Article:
Jason is a widower with a ten-year-old son, and is only just realising that he really needs to make proper childcare arrangements. Before, his two neighbours – a young couple with kids of their own – would always pick up the slack and were happy to help out when Jason had to answer a call at night or worked long shifts – but now they’ve moved away, he’s struggling to reconcile the demands of the job with his job as a father.

The slower pacing works and I enjoyed the book overall, although I would have liked a stronger romance. There’s a definite attraction between Jason (who is bi) and Gio, but a few pages before the end, Jason tells Gio he’s still in love with his dead wife (and he’s still wearing his wedding ring), which was unexpected and seemed a really odd move; and although they’re still together six months down the line (shown in the epilogue) it felt to me as though there was more to be said about their relationship. There are no ILYs – which is fine when I feel that the characters are committed to each other – and I don’t necessarily need the mushy stuff, but their emotional connection wasn’t quite what I’d hoped for by the end.

Even so, I’m giving this four stars because I really did like the story and the characters. I’m going to pick up the next book soon.


Leaning into the Fall by Lane Hayes

Narrated by Nick J. Russo

Nick Jorgensen is a quirky genius. He’s made a fortune in the competitive high-tech field with his quick mind and attention to detail. He believes in hard work and trusting his gut. And he believes in karma. It’s the only thing that makes sense. People are difficult, but numbers never lie. In the disastrous wake of a broken engagement to an investor’s daughter, Nick is more certain than ever he isn’t relationship material.

Wes Conrad owns a thriving winery in Napa Valley. The relaxed atmosphere is a welcome departure from his former career as a high-rolling businessman. Wes’s laid-back nature is laced with a fierceness that appeals to Nick. In spite of his best intention to steer clear of complications, Nick can’t fight his growing attraction to the sexy older man who seems to understand him. Even the broken parts he doesn’t get himself.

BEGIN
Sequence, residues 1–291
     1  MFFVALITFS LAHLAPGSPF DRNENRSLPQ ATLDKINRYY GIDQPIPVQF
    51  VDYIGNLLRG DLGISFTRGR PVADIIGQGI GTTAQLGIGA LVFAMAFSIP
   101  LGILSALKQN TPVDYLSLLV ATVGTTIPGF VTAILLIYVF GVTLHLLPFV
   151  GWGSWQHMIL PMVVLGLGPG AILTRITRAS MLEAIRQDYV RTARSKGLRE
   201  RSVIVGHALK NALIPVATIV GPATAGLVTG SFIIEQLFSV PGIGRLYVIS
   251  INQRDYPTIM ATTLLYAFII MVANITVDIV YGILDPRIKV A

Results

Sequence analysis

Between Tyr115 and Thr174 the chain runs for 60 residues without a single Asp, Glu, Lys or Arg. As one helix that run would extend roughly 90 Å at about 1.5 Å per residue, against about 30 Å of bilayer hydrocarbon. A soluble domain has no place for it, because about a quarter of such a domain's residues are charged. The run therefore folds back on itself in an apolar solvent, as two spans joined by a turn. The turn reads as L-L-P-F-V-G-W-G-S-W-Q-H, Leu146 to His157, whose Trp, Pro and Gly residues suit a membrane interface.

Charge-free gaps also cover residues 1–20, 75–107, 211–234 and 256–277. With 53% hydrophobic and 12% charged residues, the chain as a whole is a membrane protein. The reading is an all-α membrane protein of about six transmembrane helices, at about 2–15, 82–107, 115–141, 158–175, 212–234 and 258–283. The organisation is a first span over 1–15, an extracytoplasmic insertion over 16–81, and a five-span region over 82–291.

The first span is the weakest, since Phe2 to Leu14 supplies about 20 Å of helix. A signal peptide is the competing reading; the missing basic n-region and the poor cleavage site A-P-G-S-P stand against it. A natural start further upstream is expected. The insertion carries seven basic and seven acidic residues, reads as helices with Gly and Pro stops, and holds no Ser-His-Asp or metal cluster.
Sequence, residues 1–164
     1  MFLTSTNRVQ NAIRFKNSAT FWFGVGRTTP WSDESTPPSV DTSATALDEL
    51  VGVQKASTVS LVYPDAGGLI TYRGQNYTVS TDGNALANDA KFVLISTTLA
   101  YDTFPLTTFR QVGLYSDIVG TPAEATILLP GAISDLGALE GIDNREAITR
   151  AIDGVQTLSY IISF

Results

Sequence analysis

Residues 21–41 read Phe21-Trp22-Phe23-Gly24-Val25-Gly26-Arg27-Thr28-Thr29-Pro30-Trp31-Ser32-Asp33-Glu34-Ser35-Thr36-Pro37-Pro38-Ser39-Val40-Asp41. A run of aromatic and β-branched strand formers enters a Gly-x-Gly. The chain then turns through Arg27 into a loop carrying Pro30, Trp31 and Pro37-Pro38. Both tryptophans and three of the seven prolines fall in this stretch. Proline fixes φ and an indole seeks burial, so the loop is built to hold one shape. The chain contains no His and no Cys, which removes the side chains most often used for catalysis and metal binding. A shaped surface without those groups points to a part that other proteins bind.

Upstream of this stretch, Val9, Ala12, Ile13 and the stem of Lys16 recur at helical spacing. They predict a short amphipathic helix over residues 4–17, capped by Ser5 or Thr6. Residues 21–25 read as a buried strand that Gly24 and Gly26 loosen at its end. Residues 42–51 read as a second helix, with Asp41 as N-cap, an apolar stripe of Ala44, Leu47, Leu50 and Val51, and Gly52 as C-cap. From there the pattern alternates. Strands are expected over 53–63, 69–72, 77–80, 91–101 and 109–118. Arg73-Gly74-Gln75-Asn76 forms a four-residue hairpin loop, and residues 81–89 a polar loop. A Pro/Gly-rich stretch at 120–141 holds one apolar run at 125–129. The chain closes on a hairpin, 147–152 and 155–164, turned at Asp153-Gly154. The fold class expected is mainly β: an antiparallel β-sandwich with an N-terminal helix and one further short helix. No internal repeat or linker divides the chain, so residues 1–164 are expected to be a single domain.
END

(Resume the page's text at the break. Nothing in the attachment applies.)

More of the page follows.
However, when Wes’s past collides with Nick’s present, both men will have to have to decide if they’re ready to lean into the ultimate fall.

Rating: Narration – B; Content – B

Nick is a tech genius who doesn’t do well in social situations and frequently comes across as an arsehole; Wes is more than a decade older and considerably more chilled than Nick, but seems to just ‘get’ him – even the parts of himself Nick doesn’t fully understand. I liked the way their relationship developed; laid-back Wes is a great foil for Nick, who is sometimes driven to the point of obsession and oblivious to everything around him. There’s plenty of hot sex, but there’s an emotional connection, too -Nick has never clicked with anyone the way he has with Wes, and realises that for the first time ever, he’s developing feelings for someone that go beyond work or friendship.

The conflict comes fairly late in the book and although it seems a little contrived, it does actually fit with Nick’s character – he gets worked up and anxious easily and does tend to blurt the first thing that comes into his head, and the ‘black moment’ works because of it.

Nick J. Russo narrates and does a great job!


Setting the Hook by Andrew Grey

Narrated by Greg Tremblay

William Westmoreland escapes his unfulfilling Rhode Island existence by traveling to Florida twice a year and chartering Mike Jansen’s fishing boat to take him out on the Gulf. The crystal-blue water and tropical scenery isn’t the only view William enjoys, but he’s never made his move. A vacation romance just isn’t on his horizon.

Mike started his Apalachicola charter fishing service as a way to care for his daughter and mother, putting their safety and security ahead of the needs of his own heart. Denying his attraction becomes harder with each of William’s visits.

William and Mike’s latest fishing excursion starts with a beautiful day, but a hurricane’s erratic course changes everything, stranding William. As the wind and rain rage outside, the passion the two men have been trying to resist for years crashes over them. In the storm’s wake, it leaves both men yearning to prolong what they have found. But real life pulls William back to his obligations. Can they find a way to reduce the distance between them and discover a place where their souls can meet? The journey will require rough sailing, but the bright future at the end might be worth the choppy seas.